Tom Portwood: non-profit activist, volunteer, free-lance writer and poet


Born in Ruston, Louisiana in 1949, Tom Portwood’s earliest memories were of Colombia and Rio de Janeiro in South America between 1951 and 1959. During his 4 years in Rio, he remembers “the heartbreaking poverty,” “the smell of black bean soup drifting over parts of the city from the ramshackle favelas (slums) that dotted several of the hillsides,” and the “great beauty...of Sugar Loaf Mountain, the wide Rio beaches and the Atlantic Ocean.”

His family moved to a suburb near Los Angeles in 1959, and he graduated from the University of California, Riverside in 1973. He has worked in the non-profit community arena for almost two decades, both here and in Texas.

During his career as a free-lance writer, fund development consultant, and non-profit agency program developer, he has helped promote assistance opportunities in the areas of health and dental care, substance abuse, HIV/AIDS, child abuse, transportation and women’s health. In Houston, Texas he served on the Ryan White HIV Services Planning Council and other community groups. For the past 3 years he has volunteered with the United Way of Stanislaus County, served on the UWSC Council on Promoting Health and Well Being, and written several stories for its Annual Report 2005 and 2006.

Acknowledging the “immense” needs of so many, he says he “loves seeing new, worthy programs funded and enjoys the satisfaction of assisting agencies, which in turn help so many families at moments of real crisis in their lives.”

Tom has been a creative writer much of his life. His poetry includes descriptions “of the harsh urban landscape of the homeless and other outsiders,” and many poems about memories, family and friends. He joined the awg (another writing group), when he moved to Modesto in 2003 and credits the group’s fine poets “for giving him the confidence to pursue his poetry more seriously.” His poetry has appeared in Poets Corner and hardpan, and several of his poems were produced on the CD, “Cold Bare Rain” by Zootsutti Music.



From a Civil War era photograph of a deathly emaciated Union prisoner of war, photographer unknown.

I know -
you wince at the very sight of me
as I gaze out at the camera –
my Auschwitz-like eyes disturbing you
from your soft daily routine.
I am Andersonville –
once a lusty lad fighting
Johnny Reb
bayonet to bayonet
this pathetic scarecrow, mere matchstick bones
and sunken face
half dead, and naked for your edification
propped up like a broken puppet as a warning to all.

I am the prototype unleashed
the lesson you gaily ignore.
I know -
I can see it in your eyes
the uneasy glance among yourselves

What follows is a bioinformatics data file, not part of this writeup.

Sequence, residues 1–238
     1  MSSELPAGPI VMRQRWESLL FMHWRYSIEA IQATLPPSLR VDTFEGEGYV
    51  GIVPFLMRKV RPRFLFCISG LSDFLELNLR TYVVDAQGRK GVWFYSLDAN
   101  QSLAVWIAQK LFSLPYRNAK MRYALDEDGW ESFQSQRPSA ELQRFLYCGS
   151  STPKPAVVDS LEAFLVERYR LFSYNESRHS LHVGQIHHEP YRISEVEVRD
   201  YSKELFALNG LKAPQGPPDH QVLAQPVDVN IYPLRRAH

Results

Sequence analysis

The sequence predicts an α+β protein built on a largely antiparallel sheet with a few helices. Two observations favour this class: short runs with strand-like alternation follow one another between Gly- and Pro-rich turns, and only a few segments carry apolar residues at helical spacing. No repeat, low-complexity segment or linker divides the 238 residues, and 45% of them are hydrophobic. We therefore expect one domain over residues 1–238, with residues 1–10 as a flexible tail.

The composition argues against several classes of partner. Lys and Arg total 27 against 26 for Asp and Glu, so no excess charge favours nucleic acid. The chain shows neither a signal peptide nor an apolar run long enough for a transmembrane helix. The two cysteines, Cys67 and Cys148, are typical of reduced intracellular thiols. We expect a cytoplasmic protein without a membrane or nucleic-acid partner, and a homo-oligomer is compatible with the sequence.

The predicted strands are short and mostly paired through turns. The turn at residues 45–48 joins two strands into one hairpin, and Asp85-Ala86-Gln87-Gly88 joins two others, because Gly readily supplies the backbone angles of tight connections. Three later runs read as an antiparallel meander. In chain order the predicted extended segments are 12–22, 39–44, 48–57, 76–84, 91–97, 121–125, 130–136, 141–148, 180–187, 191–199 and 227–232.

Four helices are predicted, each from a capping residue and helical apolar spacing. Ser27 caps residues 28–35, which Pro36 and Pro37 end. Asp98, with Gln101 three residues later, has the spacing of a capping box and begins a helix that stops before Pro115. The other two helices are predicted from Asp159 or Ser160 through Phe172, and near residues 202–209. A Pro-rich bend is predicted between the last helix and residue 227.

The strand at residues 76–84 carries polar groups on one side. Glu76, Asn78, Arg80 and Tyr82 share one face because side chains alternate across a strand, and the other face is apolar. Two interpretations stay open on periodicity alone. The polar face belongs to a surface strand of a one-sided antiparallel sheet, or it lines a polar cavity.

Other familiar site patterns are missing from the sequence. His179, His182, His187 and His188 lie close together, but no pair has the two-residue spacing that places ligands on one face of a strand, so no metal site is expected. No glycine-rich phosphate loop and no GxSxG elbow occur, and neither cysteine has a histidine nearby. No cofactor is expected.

I look more than vaguely familiar to you:
I am brother to the 700,000 slaughtered at Verdun
the fifty million people
(some say twice that)
gunned down, gassed, bombed, impaled
starved, incinerated – take your pick -
in World War II.
I am Treblinka and Nanking and Cambodia
the Vietnamese girl torched by napalm
caught screaming soundlessly on newsreel film.
I am Rwanda and Burundi and Dresden.
I am Darfur. Need I go on?
I am the buck n ball, the daisy cutter bomb, a pellet of Zyklon B.
I know -
I flirt shamelessly with your bleakest thoughts.

I am Andersonville
the self-inflicted wound
you let fester in the human soul
I know -
I make you squirm.

(“I Am Andersonville” first appeared in hardpan, October, 2006)


I am an old and crazy quilt of a man
the ragged, smiling derelict
you drive by
on your way to the ballet
with your lovely wife.
By morning
you’ll find me sleeping
on yesterday’s newspaper
lying so still
on the sidewalk
I could be dead
you never know.

This street – your street too? –
is my private cave
its foggy neon glow
bathes me
in a tinny nightmare
undertaker’s blue

What’s the purpose
of his life?
you seemed to want to mouth outloud
when you were out on your walk
the other day
and dropped four bits
in my upturned palm.

Thank you, sir.
God Bless you, sir.

Let us say I exist
for your amusement
something to chuckle over
with business friends
as you go to lunch

here’s the truth:
you are the one
who lives in a house of sand
a paper world
of frail concoctions
mortgages and power lunches
stock market swings, designer jeans
only the latest of the latest
for you and yours

your world could collapse
in a minute
mine might last the night
you never know.

So go ahead
with your greeting card life
enjoy your shiny gray jaguar
show off that pretty wife of yours
at the ballet tonight
I’ll go on wearing one brown dress shoe
scuffed and beaten
my one shabby sneaker
pocked with holes
huddle close
to the smudge pot flame.
When next
you see me
lying on the street
I could be dead
you never know.

Stone Soup Food Pantry, Houston, Texas
Saturday, December 15, 1990

One by one
they sense the trapdoors
One by one
and cell by cell
but laughter
is the coinage of the day
this day
as they wait in line
for beans and rice and cans of soup.

Willie and Cocoa
and the others
gossip as though
at marketplace -
comparing T-cell counts
like baseball trading cards -
lost to the world and the world's caring.

Anger and despair leak out
in little ways
with jokes and slights
and accusations
with knowing nods and
cigarette butts
passed down the line
in their idle chitchat
pain assumes its final grace.

One by one
and cell by cell
they will fight the killer
spit in its eye
as it devours them
in the county clinic

But this day they laugh.